The molecular mechanisms involved in the aging of collagen and consequent increase in mechanical strength and stiffness occur in a series of enzymic and non-enzymic intermolecular cross-links. The enzymic mechanism involves divalent aldimine intermolecular cross-links derived from the reaction of aldehydes which then mature to trivalent cross-links and further stabilize the collagen fiber and is now well known. Recent studies have demonstrated that the rate of turnover and level of telopeptide lysyl hydroxylation modifies the nature of the cross-link and hence the mechanical strength of the fiber.
The slow turnover of mature collagen subsequently allows accumulation of the products of the adventitious non-enzymic reaction of glucose with the lysines in the triple helix to form glucosyl lysine and its Amadori product, that is, the Maillard reaction. These products are subsequently oxidized to a complex series of advanced glycation end-products, some of which are intermolecular cross-links between the triple helices rendering the fiber too stiff for optimal functioning of the collagen fibers, and consequently of the particular tissue involved. The glycation reactions following maturation are true aging processes, and attempts at their specific inhibition involve competitive inhibition of the Maillard reaction and chemical cleavage of the glycation cross-links.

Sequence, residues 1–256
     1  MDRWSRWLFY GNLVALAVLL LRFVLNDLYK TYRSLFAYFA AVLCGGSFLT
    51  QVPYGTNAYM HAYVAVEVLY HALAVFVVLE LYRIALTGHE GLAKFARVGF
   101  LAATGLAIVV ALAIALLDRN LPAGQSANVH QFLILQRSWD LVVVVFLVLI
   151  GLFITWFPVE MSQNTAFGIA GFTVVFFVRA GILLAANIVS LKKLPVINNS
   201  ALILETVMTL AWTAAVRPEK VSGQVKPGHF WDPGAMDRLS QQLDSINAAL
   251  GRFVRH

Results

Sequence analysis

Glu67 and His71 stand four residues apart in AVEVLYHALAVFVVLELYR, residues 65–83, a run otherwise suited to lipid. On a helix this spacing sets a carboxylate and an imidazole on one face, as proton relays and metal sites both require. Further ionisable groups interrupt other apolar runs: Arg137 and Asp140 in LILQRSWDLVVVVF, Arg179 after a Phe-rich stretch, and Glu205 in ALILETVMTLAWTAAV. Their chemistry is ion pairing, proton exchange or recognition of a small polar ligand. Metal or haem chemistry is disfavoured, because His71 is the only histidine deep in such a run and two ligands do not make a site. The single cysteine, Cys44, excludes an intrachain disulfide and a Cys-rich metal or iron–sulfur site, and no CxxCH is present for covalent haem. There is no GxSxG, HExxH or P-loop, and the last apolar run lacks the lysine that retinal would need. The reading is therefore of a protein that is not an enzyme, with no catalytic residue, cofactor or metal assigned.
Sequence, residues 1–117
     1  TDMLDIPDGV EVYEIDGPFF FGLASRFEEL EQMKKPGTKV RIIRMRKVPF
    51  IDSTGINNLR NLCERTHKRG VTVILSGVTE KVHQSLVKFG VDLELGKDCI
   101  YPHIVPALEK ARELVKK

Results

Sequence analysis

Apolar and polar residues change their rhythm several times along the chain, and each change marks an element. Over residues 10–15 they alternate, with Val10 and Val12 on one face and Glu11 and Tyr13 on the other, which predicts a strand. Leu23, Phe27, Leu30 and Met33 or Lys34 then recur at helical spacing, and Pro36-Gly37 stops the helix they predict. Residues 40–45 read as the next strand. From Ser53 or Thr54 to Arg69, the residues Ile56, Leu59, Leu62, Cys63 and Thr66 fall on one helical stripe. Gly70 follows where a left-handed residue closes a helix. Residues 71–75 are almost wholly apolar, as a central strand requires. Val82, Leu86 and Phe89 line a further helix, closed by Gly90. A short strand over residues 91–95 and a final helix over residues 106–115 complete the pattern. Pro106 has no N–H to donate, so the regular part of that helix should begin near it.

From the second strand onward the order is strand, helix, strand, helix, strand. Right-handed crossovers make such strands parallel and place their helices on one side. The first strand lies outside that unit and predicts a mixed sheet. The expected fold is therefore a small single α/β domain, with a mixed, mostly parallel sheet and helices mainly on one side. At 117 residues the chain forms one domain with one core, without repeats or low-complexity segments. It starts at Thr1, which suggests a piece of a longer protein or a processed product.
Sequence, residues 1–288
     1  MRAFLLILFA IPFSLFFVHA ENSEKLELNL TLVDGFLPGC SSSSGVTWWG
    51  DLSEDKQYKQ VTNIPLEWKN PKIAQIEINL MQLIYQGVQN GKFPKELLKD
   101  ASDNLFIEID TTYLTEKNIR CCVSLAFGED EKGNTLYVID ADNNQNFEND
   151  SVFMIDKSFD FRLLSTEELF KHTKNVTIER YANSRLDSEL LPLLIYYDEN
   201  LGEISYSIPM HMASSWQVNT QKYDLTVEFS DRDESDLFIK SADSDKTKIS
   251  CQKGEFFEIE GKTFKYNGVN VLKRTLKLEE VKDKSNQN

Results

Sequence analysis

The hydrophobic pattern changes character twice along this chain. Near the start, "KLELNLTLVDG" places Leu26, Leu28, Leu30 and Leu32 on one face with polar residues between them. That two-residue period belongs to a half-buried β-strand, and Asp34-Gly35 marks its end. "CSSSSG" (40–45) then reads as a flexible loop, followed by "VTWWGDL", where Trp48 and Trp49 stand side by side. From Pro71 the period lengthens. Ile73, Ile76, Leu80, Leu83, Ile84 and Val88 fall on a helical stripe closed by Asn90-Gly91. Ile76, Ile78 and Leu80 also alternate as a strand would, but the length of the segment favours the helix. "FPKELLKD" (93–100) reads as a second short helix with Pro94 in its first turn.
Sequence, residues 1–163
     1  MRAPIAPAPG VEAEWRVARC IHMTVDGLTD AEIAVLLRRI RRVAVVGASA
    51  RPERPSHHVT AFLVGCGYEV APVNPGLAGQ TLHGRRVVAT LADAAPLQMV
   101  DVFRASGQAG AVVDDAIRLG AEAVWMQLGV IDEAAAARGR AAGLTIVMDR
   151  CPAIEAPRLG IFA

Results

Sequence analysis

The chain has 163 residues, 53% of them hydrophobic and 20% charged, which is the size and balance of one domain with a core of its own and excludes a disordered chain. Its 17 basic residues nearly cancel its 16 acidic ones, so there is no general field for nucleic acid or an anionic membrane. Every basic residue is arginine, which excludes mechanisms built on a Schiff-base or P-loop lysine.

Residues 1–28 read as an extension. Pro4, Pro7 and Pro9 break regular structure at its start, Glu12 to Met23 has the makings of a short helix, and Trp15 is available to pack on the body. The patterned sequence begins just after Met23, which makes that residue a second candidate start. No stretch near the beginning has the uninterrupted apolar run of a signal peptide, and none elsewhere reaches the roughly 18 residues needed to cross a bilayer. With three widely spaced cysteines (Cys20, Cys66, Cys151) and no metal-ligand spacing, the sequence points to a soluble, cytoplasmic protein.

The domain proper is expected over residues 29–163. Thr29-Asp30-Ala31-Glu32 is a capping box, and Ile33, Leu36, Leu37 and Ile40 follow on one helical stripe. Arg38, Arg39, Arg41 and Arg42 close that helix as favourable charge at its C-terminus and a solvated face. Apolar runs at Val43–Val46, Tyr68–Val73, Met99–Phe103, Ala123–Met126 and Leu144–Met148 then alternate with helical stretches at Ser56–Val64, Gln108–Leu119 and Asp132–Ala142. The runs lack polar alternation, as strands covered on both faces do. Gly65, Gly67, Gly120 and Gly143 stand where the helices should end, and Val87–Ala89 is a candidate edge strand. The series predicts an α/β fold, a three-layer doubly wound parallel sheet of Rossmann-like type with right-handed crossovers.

It is clear that the nature of the age-related cross-links and hence tissue strength depends on the rate of turnover of the collagen. An examination of the particular effect of strenuous exercise on the rate of turnover of collagen and hence cross-linking in different tissues could lead to a better understanding of optimal sports training regimes.